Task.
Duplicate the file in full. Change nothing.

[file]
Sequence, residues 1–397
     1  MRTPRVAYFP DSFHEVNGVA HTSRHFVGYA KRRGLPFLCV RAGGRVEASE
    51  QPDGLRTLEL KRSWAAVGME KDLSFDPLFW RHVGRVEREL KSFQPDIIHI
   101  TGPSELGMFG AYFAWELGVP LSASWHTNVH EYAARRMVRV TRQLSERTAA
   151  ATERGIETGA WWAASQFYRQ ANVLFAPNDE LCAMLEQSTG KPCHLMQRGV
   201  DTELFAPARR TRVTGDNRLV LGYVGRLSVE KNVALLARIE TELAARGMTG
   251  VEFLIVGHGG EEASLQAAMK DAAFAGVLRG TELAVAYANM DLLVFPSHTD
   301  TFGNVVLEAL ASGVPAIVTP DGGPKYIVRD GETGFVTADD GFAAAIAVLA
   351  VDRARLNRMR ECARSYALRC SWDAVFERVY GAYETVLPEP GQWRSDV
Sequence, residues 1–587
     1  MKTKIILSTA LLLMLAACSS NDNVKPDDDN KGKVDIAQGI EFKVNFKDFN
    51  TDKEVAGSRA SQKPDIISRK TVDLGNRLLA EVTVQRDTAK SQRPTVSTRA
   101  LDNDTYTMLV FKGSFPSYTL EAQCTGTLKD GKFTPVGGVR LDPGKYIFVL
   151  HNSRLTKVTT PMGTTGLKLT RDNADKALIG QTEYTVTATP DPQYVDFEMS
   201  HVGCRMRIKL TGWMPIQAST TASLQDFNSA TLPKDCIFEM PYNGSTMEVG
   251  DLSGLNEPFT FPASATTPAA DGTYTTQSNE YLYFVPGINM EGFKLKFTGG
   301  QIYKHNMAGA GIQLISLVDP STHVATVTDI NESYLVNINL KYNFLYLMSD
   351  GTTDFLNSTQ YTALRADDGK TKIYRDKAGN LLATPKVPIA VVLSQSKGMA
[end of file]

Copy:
Sequence, residues 1–397
     1  MRTPRVAYFP DSFHEVNGVA HTSRHFVGYA KRRGLPFLCV RAGGRVEASE
    51  QPDGLRTLEL KRSWAAVGME KDLSFDPLFW RHVGRVEREL KSFQPDIIHI
   101  TGPSELGMFG AYFAWELGVP LSASWHTNVH EYAARRMVRV TRQLSERTAA
   151  ATERGIETGA WWAASQFYRQ ANVLFAPNDE LCAMLEQSTG KPCHLMQRGV
   201  DTELFAPARR TRVTGDNRLV LGYVGRLSVE KNVALLARIE TELAARGMTG
   251  VEFLIVGHGG EEASLQAAMK DAAFAGVLRG TELAVAYANM DLLVFPSHTD
   301  TFGNVVLEAL ASGVPAIVTP DGGPKYIVRD GETGFVTADD GFAAAIAVLA
   351  VDRARLNRMR ECARSYALRC SWDAVFERVY GAYETVLPEP GQWRSDV
Sequence, residues 1–587
     1  MKTKIILSTA LLLMLAACSS NDNVKPDDDN KGKVDIAQGI EFKVNFKDFN
    51  TDKEVAGSRA SQKPDIISRK TVDLGNRLLA EVTVQRDTAK SQRPTVSTRA
   101  LDNDTYTMLV FKGSFPSYTL EAQCTGTLKD GKFTPVGGVR LDPGKYIFVL
   151  HNSRLTKVTT PMGTTGLKLT RDNADKALIG QTEYTVTATP DPQYVDFEMS
   201  HVGCRMRIKL TGWMPIQAST TASLQDFNSA TLPKDCIFEM PYNGSTMEVG
   251  DLSGLNEPFT FPASATTPAA DGTYTTQSNE YLYFVPGINM EGFKLKFTGG
   301  QIYKHNMAGA GIQLISLVDP STHVATVTDI NESYLVNINL KYNFLYLMSD
   351  GTTDFLNSTQ YTALRADDGK TKIYRDKAGN LLATPKVPIA VVLSQSKGMA